Wow... lots of questions. I'll do my best to answer them to the best of my ability.
I think it is probably a fluke that you only saw 10 people while you were out riding, which may have to do with the roads and areas you were at. I'd say most people avoid the major roads (like Broadway) for other less busy streets. You'll also find a lot more cyclists near the UA and 4th Ave. area.
That being said, I think the ridership may not be as high as other places given the infrastructure we have.
I understand what you are saying about having drivers on both sides of you can be a little strange, but I think the idea behind them is to eliminate right-hook accidents. Because the driver who wants to turn right has already merged to the right of the rider, you don't have to worry about them tuning right into you.
I don't own any mountain bikes actually, but I think more people are starting to look at the dutch bikes, but I think that is a trend everywhere.
I THINK all new construction is required to have bike facilities when they are building something. Usually there are bike racks, but sometimes they aren't right out front, For example, the Borders on Broadway has bike racks, but they are on the side of the store. Sometimes you have to hunt, but usually they are there.
I am glad you enjoyed your time in Tucson. Are you still here or have you left already?
I will have a few more opportunities during the course of the next 10 days to go again to Tucson and plan to bike all over town. lol
I'll make sure to bike in the UA area, and downtown. Today, I am driving a friend to an appointement at the VA Hospital, and that is yet in another part of town. Bike and bike map are on board!
I am so impressed by such a network of bike paths and lanes, you guys are spoiled! ;-)
And spoiled by such bike friendly weather most of the year. Although I immagine that scorching heat is not so bike friendly.
I will be on the lookout for those hiding bike racks. ;-) Thank you very much for the tip. It is great to hear that city has actually made it a requirement for new buildings to have bike facilities. That is something Montreal can certainly learn from Tucson.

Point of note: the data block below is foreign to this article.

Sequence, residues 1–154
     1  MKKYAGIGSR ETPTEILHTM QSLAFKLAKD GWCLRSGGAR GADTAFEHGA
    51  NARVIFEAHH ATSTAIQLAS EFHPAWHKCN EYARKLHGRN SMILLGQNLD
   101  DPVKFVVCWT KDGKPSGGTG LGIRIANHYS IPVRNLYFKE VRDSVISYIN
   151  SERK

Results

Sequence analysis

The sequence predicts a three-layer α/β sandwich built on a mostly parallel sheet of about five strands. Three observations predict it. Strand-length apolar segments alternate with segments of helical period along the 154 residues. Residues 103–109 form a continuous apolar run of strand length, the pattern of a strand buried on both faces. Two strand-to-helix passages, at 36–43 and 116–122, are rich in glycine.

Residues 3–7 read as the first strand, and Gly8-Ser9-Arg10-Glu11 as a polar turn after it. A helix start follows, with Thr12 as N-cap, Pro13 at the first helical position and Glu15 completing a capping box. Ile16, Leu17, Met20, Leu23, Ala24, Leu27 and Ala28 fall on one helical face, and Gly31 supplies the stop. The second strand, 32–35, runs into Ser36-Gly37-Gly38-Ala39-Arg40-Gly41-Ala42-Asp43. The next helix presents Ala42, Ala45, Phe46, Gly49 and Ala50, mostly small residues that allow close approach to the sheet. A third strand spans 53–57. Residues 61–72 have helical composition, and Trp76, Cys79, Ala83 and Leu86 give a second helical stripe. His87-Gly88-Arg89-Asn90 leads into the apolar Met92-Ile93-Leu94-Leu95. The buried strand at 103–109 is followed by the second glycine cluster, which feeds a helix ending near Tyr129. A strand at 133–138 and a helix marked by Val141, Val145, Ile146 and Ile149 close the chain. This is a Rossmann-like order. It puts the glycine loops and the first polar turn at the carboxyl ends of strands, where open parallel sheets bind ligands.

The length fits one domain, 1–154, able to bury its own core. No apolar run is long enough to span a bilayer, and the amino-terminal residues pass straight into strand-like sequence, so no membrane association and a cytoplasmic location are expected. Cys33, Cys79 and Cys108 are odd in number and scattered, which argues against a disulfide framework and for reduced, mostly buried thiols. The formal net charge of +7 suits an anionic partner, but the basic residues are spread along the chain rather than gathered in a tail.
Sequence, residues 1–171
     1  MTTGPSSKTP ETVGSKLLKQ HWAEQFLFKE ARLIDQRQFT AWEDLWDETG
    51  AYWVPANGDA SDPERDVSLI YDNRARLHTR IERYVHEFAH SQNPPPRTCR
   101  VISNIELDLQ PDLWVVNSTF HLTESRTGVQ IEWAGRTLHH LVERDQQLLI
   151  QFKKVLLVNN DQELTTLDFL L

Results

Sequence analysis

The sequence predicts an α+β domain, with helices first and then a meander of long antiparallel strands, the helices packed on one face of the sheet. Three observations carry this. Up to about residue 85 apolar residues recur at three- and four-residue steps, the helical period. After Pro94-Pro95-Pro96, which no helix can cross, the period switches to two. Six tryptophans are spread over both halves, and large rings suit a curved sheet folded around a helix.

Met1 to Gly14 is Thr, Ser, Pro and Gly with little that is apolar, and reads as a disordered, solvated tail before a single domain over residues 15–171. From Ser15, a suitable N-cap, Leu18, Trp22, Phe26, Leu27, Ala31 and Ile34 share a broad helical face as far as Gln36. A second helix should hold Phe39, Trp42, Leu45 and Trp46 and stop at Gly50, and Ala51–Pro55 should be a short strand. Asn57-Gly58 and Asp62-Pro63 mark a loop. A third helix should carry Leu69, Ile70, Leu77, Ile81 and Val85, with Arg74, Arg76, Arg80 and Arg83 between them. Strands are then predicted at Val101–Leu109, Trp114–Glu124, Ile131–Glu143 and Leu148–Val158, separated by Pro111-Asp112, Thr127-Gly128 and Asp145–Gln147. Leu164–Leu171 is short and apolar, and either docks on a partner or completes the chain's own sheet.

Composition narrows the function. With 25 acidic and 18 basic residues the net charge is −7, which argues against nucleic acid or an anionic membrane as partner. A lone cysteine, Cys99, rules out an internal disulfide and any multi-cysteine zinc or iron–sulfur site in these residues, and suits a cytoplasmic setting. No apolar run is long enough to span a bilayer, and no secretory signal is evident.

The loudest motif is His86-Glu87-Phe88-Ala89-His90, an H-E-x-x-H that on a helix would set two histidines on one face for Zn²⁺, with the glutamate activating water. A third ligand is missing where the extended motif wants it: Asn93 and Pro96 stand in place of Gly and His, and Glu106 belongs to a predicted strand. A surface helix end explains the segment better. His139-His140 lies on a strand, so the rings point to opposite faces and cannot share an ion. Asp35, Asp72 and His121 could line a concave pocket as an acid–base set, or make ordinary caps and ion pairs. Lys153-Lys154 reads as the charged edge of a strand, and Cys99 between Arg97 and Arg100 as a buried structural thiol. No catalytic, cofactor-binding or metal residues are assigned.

As for the lane in between the right lane and the next one, I do understand the concept (not finding ourselves in the path of the cars turning right), but my question was more about the riders. How do people feel about that set up ? Do people feel safe, safer, to ride in that lane ? Are people using those lanes/streets, or rather avoid them ? We have so many issues to fix in the Montreal bike path network, that learning from rides in other cities is precious.
I was also wondering about some bike lanes that are to the left of a row of parked cars (as opposed to being between sidewalk and parked cars). Doesn't that increase the risk of riding right into a driver's opening their door to get out ?
Don't get me wrong, I was overall extremely impressed by the way things are in Tucson. But I felt comfortable coming in here to ask those questions,knowing I was in a forum of people advocating bicycling in Tucson.
Our main battle this winter has been to keep pressure on the city to clear the snow on the 'white network' (a very limited portion of our bike lane network that is supose to be accessible year round, even in winter). And in January, there has been a 'shovel-in' (as in 'sit in') to protest the fact that authorities are not clearing the only major bridge between south shore and the island of Montreal (Montreal being on an island) where riders could cross to commute year round. Different latitudes, different battles. It is fascinating to travel to other cities and see the things that are done, and learn from that.
Thanks for your replies.